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Re: Latin America's biggest medical cannabis farm sprouts in Chile

Post by notsofasteddie » Fri 25th Mar 2016 01:24 pm

Harvest Time Begins At Latin America’s Largest Marijuana Farm


Latin America's largest farm growing marijuana for medical use, located in southern Chile, has begun its harvest. Sponsored by the Daya Foundation, a not-for-profit organization dedicated to alleviating human suffering, it hopes to pick 1.5 tons of the plant by mid-April.

“If you think that to make a joint, you use half a gram, we have enough to make three million joints,” jokes Pablo Meléndez, director of operations. “With one for every six people, that's enough for the whole of Chile.”

Meléndez oversees the progress of the 6,400 plants seeded last November in this field in Quinamávida, 320 kilometers south of the Chilean capital of Santiago.

“It’s an unprecedented initiative in the region,” says Daya's Ana María Gazmuri, who is supervising the project. “Despite not having the most advanced legislation, Chile is a pioneer among Latin American countries,” she adds.

The medicines produced from the marijuana will be used to treat around 4,000 patients suffering from chronic pain

Uruguay is the only country in the world that has fully legalized marijuana.

With no airports nearby, accessing the farm is not easy. From Santiago, it’s a 300-kilometer drive south to the city of Linares. From there, the road twists and turns, requiring several phone calls to the hosts for directions.

The smell from several meters away is intense. The entrance leads up to a steep dirt road and sentry box where a guard asks for visitors’ details. Finally, the crop comes into view: one hectare of marijuana plants perfectly lined up waiting to be harvested.

The Daya Foundation cultivates 16 varieties of marijuana and has established several security measures to prevent theft: guards patrol 24 hours a day, and there is an electrified fence, a dog, security cameras and direct lines to two police stations in the area. “But we've found there is a certain level of social awareness when it comes to plantations for the sick,” says Gazmuri.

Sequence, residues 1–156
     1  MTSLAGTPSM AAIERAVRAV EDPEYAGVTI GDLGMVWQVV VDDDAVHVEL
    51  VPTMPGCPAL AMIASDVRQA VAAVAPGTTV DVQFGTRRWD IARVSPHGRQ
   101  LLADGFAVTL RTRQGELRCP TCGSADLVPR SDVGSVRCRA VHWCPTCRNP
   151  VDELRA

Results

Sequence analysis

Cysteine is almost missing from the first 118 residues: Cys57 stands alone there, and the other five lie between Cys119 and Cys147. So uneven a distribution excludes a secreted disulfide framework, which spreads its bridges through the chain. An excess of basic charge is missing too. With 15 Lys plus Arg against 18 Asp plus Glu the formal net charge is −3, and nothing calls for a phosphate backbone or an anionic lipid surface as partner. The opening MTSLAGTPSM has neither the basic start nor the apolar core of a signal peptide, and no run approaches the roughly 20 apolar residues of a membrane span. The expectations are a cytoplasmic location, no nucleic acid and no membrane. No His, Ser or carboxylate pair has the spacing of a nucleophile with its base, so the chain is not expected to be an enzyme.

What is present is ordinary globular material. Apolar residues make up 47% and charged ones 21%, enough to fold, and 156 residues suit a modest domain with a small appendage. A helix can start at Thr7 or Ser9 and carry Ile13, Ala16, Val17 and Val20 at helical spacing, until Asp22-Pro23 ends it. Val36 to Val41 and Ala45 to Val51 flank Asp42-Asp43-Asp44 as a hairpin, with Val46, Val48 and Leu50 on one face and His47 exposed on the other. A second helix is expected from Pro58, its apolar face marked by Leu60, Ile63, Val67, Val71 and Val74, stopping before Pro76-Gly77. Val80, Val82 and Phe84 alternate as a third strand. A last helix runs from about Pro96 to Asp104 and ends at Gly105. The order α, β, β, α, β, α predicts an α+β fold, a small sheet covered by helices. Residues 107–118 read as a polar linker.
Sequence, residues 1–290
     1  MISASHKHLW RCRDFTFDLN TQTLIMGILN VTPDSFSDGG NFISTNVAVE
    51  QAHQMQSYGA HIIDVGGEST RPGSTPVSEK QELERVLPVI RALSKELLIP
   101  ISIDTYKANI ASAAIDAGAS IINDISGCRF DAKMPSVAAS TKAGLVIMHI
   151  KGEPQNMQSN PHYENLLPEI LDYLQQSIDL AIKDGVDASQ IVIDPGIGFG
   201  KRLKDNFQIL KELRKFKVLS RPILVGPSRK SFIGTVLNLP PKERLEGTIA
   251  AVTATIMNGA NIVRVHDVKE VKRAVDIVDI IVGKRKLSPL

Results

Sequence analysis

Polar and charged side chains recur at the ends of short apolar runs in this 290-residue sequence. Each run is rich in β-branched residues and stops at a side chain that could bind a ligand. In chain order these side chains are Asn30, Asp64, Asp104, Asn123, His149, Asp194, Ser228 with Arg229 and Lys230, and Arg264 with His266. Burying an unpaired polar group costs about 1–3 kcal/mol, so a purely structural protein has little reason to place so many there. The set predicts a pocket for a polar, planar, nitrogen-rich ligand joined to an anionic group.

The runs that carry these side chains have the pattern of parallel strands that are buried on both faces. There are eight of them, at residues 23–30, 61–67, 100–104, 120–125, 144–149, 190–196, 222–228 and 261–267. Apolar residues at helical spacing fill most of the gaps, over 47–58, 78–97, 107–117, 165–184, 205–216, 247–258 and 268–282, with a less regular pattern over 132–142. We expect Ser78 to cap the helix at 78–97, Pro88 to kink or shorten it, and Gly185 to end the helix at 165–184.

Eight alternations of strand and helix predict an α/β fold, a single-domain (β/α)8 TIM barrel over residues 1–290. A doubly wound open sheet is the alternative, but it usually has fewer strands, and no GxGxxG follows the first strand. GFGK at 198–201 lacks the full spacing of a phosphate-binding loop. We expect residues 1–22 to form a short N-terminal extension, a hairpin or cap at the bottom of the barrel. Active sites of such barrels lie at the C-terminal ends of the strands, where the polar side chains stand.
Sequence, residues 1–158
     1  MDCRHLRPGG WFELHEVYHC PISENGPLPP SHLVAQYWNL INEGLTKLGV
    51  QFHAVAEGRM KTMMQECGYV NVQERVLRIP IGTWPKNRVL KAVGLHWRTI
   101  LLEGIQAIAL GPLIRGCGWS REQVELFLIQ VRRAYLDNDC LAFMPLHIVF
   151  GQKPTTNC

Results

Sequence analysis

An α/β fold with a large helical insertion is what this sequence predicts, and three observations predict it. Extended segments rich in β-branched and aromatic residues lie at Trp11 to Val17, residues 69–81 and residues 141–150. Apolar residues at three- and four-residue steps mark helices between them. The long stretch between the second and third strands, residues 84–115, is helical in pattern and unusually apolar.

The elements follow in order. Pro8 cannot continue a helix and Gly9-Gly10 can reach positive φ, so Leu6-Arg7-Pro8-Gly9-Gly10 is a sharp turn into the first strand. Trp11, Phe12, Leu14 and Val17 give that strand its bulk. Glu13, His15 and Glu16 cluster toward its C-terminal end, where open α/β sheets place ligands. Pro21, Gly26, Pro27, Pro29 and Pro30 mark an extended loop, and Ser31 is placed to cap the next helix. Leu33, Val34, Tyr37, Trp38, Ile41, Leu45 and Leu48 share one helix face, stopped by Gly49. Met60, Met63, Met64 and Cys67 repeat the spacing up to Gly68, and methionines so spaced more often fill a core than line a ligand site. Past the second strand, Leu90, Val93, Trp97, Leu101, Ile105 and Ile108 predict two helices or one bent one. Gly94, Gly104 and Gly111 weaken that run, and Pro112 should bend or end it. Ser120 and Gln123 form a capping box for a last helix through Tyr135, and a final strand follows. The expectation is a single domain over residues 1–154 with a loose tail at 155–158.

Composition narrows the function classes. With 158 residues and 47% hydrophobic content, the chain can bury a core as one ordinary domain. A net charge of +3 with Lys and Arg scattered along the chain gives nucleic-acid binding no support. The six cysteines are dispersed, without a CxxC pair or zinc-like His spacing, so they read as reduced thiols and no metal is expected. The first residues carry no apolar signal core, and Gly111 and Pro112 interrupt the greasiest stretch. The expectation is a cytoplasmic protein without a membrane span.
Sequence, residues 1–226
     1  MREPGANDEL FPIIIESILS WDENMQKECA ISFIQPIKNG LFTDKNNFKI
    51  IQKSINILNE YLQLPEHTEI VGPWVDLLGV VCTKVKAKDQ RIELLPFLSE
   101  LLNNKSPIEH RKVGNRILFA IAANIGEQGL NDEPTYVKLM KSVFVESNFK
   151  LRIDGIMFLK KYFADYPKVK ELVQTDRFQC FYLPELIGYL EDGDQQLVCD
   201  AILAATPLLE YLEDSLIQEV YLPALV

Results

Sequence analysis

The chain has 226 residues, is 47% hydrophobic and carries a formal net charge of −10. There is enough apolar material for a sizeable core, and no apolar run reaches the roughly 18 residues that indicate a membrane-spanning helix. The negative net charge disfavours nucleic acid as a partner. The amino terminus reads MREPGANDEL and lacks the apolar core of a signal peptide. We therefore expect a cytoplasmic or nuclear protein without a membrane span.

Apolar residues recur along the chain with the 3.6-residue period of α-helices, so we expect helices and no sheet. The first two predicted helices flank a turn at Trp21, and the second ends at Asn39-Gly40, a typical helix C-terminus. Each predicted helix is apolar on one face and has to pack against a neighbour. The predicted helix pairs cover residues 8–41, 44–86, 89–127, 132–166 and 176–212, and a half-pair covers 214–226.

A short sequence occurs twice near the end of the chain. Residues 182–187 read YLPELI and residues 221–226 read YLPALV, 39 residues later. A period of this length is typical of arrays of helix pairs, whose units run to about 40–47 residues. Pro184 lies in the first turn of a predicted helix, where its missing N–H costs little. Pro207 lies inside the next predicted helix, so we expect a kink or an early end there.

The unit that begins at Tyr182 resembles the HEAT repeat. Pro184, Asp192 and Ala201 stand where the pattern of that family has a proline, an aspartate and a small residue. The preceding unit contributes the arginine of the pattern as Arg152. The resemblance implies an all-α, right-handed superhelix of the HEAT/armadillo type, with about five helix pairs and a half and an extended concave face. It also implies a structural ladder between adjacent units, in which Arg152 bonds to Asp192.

Around 60 locals have been hired to help with the harvest and kitted out with protective suits and gloves. They cut, wash, and then hang the plants in drying sheds. They are then ground up and analyzed by Chilean pharmaceutical company Knop Laboratorios. “It will be the first plant-based medicine made from cannabis produced in Latin America,” says Nicolás Dormal, the farm’s director.

About 20 Chilean municipalities have financed the project. The medicines produced from the marijuana will be used to treat around 4,000 patients suffering from cancer, epilepsy and the chronic pain caused by arthritis and multiple sclerosis.

Representatives from Argentina and Brazil regularly liaise with Daya to study its production and management model. “People also come from Australia and California and are dumbstruck by what they discover,” Gazmuri explains, adding that marijuana cultivation for medical use is set to “take off” in Latin America. “Colombia has just legalized medical use, Costa Rica is trying, Uruguay just began its first production.”

Chilean law does not ban cultivation or consumption of marijuana, but selling the drug is illegal. “There was the mentality here that we couldn't do this. Many conservative sectors of Chilean society should be asking themselves how we were able to score this important goal,” Gazmuri says.


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News Moderator: Robert Celt 420 MAGAZINE ®
Full Article: Harvest Time Begins At Latin America’s Largest Marijuana Farm
Author: Dyane Jean François
Contact: El Pais
Photo Credit: Sebastian Utreras
Website: El Pais